I was just thinking of using a plate as a fake mold. It could be out of non-conductive material (wood, etc.) with just a metal insert to block off the nozzle. The toe block and the clamp interface probably need to be metal but the rest could be non-conductive with a relatively cool outer surface. You could potentially enclose most of the hot end in a similar manner. It would leave few surfaces where you could burn yourself. You could potentially encase even aluminum molds in a protective layer to keep the burns to a minimum.
You could use a spring loaded closure. During loading and compaction, you are not applying a lot of pressure. Though it does not keep a youngster from hanging on the compression handle. You could also do a closing bar/latch that is out of plane to the picture I posted.
One advantage to building up a hot end assembly block is that you can leave room for a cartridge heater and not have to worry about keeping geometry for a band heater.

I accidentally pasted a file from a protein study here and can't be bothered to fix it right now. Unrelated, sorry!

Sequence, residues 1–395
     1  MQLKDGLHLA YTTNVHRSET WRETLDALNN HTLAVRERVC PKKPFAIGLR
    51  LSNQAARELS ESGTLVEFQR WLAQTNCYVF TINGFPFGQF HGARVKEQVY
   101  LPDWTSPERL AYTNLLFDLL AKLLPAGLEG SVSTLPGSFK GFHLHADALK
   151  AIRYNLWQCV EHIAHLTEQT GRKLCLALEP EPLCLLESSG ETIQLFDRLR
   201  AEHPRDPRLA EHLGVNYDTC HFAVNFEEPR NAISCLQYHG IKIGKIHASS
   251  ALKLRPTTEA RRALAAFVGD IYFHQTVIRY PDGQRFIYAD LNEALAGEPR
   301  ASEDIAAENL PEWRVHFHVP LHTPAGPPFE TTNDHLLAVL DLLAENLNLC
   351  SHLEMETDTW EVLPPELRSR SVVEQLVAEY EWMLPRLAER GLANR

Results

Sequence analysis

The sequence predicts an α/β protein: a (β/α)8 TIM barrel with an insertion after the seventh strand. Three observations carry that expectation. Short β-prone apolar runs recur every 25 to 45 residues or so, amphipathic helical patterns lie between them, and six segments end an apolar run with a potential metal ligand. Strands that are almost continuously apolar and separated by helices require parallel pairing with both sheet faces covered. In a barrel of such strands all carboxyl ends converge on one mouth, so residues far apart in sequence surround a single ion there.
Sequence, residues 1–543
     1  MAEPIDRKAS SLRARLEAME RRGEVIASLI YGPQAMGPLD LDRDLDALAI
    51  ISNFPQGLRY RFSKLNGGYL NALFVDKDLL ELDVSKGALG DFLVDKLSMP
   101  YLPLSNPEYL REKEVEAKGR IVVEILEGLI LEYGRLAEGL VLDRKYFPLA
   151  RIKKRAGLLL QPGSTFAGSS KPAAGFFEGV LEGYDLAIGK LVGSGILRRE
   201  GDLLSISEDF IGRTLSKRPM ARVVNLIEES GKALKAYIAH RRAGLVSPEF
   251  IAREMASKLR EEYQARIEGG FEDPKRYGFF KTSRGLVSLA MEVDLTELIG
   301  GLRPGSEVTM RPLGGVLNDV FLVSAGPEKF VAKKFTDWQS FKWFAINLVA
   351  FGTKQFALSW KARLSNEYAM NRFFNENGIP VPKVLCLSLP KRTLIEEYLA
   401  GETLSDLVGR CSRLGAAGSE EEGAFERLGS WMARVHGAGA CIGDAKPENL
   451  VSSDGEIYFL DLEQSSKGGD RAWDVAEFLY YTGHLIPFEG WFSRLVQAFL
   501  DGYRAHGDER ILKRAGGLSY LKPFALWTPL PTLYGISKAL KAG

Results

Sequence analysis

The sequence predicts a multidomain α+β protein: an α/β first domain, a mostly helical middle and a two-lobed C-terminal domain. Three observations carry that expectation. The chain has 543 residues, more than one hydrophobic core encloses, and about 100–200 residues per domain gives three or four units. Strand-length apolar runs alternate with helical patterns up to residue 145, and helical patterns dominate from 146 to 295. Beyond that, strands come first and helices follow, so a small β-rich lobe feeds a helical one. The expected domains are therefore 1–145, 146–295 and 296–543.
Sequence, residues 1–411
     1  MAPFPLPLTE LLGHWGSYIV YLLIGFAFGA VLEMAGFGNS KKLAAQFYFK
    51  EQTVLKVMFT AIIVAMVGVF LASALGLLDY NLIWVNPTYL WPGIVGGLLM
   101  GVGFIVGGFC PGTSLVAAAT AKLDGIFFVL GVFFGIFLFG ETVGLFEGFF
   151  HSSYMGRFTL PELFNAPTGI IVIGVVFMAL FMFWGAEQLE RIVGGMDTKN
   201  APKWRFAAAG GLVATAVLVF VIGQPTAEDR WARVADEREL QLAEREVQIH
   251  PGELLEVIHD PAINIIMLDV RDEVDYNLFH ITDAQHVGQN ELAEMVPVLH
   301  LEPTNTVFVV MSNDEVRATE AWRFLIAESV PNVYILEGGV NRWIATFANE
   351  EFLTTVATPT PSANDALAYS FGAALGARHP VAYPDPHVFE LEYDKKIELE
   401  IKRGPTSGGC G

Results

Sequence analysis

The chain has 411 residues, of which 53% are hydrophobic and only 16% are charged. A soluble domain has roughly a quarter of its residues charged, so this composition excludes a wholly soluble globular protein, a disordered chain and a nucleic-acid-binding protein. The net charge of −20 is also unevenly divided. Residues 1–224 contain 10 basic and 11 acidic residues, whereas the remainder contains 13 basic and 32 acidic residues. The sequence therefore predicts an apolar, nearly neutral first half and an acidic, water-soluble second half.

hello people I was thinking the same. The threaded connection takes a lot of time so I was thinking of a quick coupler connection. Like the one in the picture Tell me what you think
Yeah, the drawer or ramped slide are tempting, but it gets a little more complicated. I think you want 1.5 to 2 mm penetration into the mold and some compression to minimize leakage. If you wedge it, then removal gets a little harder.
It will be interesting what your hardware ends up looking like. I have not worked through the details and dimensions.
Three plate molds should also work well where the middle plate defines an outline. Maybe the teacher can CNC rout the middle plate to the kid’s design.
Ok, we had a look on how this could go well for our commercial units in the edu sector where teachers currently can’t leave the kids on it because they burn their fingers so easily.